Malaysia

Until 2004, Malaysia was the unlikely home of the world's tallest buildings-a distinction that says just as much about this small country in southeast Asia as it does about the region as a whole. Located in Kuala Lumpur, Malaysia's bustling, exciting capital city of nearly 1.5 million residents, the Petronas Towers soar nearly 1,500 feet above the ground. And on top of their sheer height, the architectural design of them, conceived to reflect the nature of the local Muslim culture, is an achievement in itself. Most impressive of all, however, is what the Petronas Towers stand for: The heralding of South East Asia as one of the single most important economic regions on the planet. For indeed, South East Asia has seen an economic and political resurgence the likes of which the world has never really experienced before, and the significance of the fact that the symbol of that ascendance, the twin towers of Kuala Lumpur, are found in Malaysia, is difficult to overstate. The city itself is an exciting amalgam of the past, the present, and the future. One of the most telling examples of this happy coexistence is the juxtaposition of the supremely modern and the astoundingly ancient. From the truly dramatic architecture of Kuala Lumpur´┐Żs city center to the ancient Batu Caves just north of the city, the best of both worlds exist together in this country. Students in the capital city will find themselves in the heart of one of the most exciting, up-and-coming urban centers in the region. As a result, they will enjoy international cuisine, a bustling nightlife, other students from all over the world, and a culture as stimulating and as exciting as any they are likely to encounter anywhere. In terms of nightlife, which is key to any college student's experience, "Kuala Lumpur has the most upbeat nightlife scene in Malaysia. Dining out and a night at the pubs or discotheques are regular activities for city residents, and entertainment venues are virtually around every street corner. There are also concentrated pockets which can almost be classified as entertainment districts" (www.tourism.gov.my). This, of course, is of tremendous benefit when it comes to relaxing after all the rigors of the classroom that students in Malaysia are sure to experience. Outside of the city itself, there are too many things to see and do for a college student to ever experience them all. From the beaches of the Malaysian islands to the outdoor and water activities that so enthrall tourists and residents alike, there is something in this country for everyone.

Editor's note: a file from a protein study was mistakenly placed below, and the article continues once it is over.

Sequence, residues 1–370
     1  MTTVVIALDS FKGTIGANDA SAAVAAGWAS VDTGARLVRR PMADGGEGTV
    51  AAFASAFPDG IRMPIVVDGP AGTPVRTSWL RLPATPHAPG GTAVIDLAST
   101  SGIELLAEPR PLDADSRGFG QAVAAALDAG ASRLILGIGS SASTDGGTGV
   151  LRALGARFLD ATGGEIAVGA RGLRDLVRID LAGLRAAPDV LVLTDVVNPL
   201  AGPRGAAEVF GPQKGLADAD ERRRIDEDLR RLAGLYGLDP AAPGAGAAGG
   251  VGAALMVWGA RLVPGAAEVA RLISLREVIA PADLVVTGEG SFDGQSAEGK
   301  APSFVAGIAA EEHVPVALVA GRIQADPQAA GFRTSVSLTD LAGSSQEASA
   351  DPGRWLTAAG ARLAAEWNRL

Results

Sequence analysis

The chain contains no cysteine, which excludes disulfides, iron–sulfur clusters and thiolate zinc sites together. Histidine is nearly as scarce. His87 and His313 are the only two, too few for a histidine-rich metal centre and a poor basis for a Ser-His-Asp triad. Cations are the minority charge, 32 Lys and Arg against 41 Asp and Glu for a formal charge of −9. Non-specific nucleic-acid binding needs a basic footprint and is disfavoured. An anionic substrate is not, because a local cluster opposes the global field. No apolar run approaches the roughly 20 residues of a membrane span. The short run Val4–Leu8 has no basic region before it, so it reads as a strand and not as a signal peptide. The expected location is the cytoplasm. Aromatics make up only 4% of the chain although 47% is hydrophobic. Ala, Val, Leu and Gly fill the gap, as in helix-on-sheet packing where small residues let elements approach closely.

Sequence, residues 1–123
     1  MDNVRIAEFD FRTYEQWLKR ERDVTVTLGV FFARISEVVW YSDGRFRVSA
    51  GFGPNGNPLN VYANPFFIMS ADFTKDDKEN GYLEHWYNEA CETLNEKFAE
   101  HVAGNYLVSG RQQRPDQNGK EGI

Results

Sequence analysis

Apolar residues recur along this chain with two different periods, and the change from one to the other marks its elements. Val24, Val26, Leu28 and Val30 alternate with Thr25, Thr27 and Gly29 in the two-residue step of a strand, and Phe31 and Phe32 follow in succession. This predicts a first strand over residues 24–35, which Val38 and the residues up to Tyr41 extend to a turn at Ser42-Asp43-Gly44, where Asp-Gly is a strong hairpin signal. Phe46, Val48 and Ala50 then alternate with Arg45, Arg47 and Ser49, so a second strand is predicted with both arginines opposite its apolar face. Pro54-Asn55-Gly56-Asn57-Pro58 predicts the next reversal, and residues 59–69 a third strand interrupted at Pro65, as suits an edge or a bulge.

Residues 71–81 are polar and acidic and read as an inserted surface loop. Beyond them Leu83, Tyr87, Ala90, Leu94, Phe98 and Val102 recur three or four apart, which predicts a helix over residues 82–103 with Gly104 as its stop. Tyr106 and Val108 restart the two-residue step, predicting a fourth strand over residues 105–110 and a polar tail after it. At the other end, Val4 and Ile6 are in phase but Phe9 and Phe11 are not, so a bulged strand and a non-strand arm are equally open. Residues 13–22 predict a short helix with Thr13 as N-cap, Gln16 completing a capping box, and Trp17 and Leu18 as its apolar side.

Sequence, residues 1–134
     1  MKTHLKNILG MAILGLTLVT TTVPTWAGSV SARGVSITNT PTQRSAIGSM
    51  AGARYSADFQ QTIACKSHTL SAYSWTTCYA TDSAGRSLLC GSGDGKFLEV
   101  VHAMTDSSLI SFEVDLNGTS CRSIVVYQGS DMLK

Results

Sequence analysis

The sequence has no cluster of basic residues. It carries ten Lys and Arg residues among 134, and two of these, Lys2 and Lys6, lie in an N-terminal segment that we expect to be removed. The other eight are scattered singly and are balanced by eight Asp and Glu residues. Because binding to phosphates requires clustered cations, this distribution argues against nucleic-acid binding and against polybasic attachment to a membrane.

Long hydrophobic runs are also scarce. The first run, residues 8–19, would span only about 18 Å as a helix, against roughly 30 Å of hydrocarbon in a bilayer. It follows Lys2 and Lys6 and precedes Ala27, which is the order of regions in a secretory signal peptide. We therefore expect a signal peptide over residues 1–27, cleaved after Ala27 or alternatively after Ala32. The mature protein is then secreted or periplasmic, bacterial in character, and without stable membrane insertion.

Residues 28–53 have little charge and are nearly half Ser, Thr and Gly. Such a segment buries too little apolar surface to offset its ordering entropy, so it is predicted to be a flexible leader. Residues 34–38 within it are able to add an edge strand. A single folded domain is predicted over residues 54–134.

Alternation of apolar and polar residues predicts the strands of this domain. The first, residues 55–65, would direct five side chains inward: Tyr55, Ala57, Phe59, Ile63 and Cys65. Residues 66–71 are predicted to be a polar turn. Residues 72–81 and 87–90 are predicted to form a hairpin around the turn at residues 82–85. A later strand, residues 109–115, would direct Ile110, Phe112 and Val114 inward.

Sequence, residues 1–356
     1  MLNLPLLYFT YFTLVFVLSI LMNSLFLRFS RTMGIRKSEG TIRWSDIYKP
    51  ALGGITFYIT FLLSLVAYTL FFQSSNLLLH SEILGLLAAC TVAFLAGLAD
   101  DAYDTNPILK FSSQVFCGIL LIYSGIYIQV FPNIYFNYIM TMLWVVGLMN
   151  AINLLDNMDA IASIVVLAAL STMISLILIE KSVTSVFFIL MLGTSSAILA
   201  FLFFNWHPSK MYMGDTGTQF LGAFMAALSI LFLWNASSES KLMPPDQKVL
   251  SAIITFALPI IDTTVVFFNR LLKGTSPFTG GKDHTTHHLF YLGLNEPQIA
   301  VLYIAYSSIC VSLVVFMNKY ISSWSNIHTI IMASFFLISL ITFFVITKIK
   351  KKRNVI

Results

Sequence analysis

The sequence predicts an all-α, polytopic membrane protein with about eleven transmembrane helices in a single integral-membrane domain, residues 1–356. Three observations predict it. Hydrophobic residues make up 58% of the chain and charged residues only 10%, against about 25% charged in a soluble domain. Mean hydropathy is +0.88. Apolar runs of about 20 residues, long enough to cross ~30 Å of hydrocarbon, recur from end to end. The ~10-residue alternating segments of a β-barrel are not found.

Study Life
Students, of course, may find themselves a bit intimidated by the prospect of having to learn the Malay language, but they needn't be: It is really no more difficult to learn than any other language, and immersion in a country in which it is spoken is sure to make understanding it and communicating in it much easier than you may fear. And because it is so similar to the Indonesian language, and its use is so widespread through South East Asia (including some people in Singapore, Thailand, and the Philippines), a working knowledge of it will take you far in your travels and work throughout the region (). Culturally, Malaysia is quite different from the United States. Many of its social customs are based on Muslim traditions, and as such, relations between the sexes may seem a bit more restrained than they do in the United States. For example, "Although handshakes are generally acceptable for both men and women, some Muslim ladies may acknowledge introductions to gentlemen by merely nodding and smiling. A handshake should only be initiated by ladies. The traditional greeting or salam resembles a handshake with both hands but without the grasp. The man offers both hands, lightly touches his friends outstretched hands, and then brings his hands to his chest to mean, 'I greet you from my heart.' The visitor should reciprocate the salam" (www.tourism.gov.my). However, with a little bit of practice, the ways of life of the Malaysian people will come to seem like second-nature to you
Study in Malaysia
In the end, Malaysia is an excellent place to attend college not only because of its rich history and fascinating culture, but also because of the ever-increasing importance of the region itself. And the more you can integrate yourself into it now, and the more contacts you make, the more likely you will be to eventually play a roll in the business dealings of it once you're finished with college. All told, then, studying in Malaysia will likely provide you with everything most students desire from their education
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